The first version of this offering was launched as EduConnect, in partnership with EduLoan Pvt. Ltd. in South Africa. EduConnect helped create application forms for students to apply for schemes and assisted in multilevel review of application forms, admission confirmation from education institutions, and conditional disbursement of funds to the institution's bank account.

“Aruna realised quickly that there are a lot more areas we can expand in to reach out to more people. With our experience from South Africa and our research work on social fund management needs in India, we developed ‘FundRight’, a product to cater to fund management needs under different social verticals, catering to the larger segment of the population,” explains John.

However, in India, the turning point was when the Maharashtra Village Social Transformation Foundation (MVTF), supported by the Maharashtra government, used FundRight. The foundation has set up a fund, which has equal contributions from CSR and the state government, to transform villages in Maharashtra, and the technology built by Billionlives effectively manages the projects identified.

Talking about how the foundation used FundRight, Aruna explains, “We provided them with an application that was used to identify the various developmental projects in villages and ensure payment was made to service providers of these projects from the fund in stages as and when project deliverables were accepted by officials with full transparency and accountability.”

Making a difference

Another milestone came when Maneka Gandhi launched the technology platform provided by Billionlives to computerise the Pradhan Mantri Matru Vandana Yojana (PMMV) scheme in record time. This gave a boost to Billionlives’ objective.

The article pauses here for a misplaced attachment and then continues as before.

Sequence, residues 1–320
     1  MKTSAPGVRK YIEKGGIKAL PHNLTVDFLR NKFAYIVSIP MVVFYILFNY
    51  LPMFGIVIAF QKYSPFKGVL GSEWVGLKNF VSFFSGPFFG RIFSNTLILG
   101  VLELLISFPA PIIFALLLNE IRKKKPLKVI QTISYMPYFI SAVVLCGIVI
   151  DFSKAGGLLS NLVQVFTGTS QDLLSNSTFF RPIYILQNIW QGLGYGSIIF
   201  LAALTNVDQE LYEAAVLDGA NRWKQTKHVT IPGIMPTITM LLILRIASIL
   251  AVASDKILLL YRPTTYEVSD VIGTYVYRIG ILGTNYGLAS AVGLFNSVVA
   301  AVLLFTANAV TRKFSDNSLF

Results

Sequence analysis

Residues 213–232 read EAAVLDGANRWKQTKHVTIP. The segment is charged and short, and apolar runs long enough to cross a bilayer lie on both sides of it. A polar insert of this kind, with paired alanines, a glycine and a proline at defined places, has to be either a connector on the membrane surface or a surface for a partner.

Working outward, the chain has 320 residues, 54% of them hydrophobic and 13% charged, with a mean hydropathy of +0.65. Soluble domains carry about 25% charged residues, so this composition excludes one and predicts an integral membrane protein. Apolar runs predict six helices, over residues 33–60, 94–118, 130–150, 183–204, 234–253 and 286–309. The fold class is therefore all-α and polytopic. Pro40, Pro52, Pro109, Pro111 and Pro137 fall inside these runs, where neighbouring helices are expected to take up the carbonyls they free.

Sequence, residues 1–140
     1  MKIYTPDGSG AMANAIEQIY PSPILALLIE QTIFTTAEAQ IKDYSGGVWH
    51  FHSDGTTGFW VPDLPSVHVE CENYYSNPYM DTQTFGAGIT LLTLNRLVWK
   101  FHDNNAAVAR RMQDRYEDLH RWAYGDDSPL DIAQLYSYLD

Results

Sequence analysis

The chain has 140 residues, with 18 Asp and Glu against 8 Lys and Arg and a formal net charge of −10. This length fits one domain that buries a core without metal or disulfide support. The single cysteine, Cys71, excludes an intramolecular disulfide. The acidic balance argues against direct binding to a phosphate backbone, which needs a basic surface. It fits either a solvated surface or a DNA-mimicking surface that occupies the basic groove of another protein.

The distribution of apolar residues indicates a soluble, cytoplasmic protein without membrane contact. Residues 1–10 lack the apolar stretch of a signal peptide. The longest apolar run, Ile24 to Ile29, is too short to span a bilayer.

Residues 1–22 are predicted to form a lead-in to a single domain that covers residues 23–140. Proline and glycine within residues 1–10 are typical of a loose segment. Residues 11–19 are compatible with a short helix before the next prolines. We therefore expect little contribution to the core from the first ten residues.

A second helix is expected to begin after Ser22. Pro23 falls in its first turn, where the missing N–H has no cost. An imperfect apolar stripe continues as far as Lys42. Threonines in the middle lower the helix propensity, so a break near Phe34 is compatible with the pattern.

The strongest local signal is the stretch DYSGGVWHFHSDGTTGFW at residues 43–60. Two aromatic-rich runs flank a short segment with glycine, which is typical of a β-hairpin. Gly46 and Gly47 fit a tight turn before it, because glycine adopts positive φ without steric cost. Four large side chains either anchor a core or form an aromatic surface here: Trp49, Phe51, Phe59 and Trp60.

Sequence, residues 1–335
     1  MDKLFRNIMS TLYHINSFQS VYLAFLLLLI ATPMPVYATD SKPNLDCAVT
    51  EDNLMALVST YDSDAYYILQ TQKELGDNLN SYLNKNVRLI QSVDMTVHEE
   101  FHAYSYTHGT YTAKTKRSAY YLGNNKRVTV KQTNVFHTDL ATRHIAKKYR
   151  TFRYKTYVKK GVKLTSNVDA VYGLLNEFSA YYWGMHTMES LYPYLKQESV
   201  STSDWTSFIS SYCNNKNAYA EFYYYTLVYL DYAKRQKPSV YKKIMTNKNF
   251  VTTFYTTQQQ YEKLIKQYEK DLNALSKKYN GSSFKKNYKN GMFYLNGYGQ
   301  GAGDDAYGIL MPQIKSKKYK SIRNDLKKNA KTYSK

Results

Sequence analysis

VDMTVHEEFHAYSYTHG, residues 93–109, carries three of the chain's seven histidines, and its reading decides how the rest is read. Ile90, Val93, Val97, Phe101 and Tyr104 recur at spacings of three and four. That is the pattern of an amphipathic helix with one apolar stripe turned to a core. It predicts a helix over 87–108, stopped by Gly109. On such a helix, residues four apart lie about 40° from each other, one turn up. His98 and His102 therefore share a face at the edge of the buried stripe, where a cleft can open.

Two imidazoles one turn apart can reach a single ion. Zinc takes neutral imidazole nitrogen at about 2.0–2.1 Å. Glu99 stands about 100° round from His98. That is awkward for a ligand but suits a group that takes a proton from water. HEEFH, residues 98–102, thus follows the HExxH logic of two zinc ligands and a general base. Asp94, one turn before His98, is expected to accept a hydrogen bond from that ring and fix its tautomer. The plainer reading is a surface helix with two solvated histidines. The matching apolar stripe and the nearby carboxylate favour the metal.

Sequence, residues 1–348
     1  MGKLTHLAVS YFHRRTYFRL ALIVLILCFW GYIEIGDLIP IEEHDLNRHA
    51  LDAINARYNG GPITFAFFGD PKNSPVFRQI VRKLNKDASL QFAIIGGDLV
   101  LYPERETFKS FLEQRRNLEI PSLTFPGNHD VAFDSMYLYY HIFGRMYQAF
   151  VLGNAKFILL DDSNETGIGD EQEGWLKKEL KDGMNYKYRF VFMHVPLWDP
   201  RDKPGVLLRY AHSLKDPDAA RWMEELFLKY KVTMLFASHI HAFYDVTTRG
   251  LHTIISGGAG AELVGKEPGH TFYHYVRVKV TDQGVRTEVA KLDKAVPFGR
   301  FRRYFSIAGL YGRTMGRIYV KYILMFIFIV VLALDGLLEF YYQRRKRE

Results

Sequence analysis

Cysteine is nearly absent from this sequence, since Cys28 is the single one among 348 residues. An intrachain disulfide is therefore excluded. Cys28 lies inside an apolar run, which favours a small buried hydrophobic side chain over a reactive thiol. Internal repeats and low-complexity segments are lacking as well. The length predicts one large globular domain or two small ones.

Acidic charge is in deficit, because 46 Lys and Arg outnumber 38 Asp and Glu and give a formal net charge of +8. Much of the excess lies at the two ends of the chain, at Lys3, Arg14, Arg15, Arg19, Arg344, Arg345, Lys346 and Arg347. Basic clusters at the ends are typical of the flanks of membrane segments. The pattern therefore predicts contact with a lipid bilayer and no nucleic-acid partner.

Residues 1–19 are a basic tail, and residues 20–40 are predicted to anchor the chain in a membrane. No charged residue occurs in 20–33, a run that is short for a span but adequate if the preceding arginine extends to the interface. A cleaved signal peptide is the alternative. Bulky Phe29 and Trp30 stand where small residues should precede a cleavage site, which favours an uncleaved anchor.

Under PMMV, a cash incentive of Rs 5,000 is to be provided directly in the accounts of pregnant women and lactating mothers for the first living child of the family. Billionlives designed a web-based application system that would help capture details of the applicant, validate conditions, initiate workflow, and trigger payment through the Public Fund Management System of the Government of India to ensure beneficiaries get the money in their bank accounts faster.

This is one of the largest Direct Benefit Transfer Schemes in India after the Direct Benefit transfer of Liquefied Petroleum Gas. The application designed by Billionlives is to be accessed at various levels. The hard copies of the forms are collected by the aanganwadi workers, who then bring them to the block level where data-entry operators update the information on the web-based application, which is thereafter accessed by different stakeholders. Integrated technology thus provides an enabling framework to widen the scope of information accessed by the different stakeholders, reduce idle funds , lower corruption, and improve the ease of doing business with and within the levels of the government.
"We work on the most modern technology stack and always look for ways to bring leading technology advancements in Blockchain and Artificial Intelligence to our product offering," says Sanjay.

By providing an innovative technology solution, FundRight has now entered NASSCOM’s list of ‘Most Innovative Top 50 Emerging Software Product companies for 2017’.

Billionlives understands that challenges in successful implementation of schemes and projects could be minimised or eliminated if the right technology is used at the right time. A lot more progressive initiatives can be facilitated if funds are channelised for entrepreneurship development, agriculture, disaster management, education, and healthcare using an efficient and transparent platform that brings fund providers and seekers on one platform. Digitisation could further plug leakages, ensure time-bound management of various developmental projects, and deliver effective results, thereby heralding the way to a better and more developed India.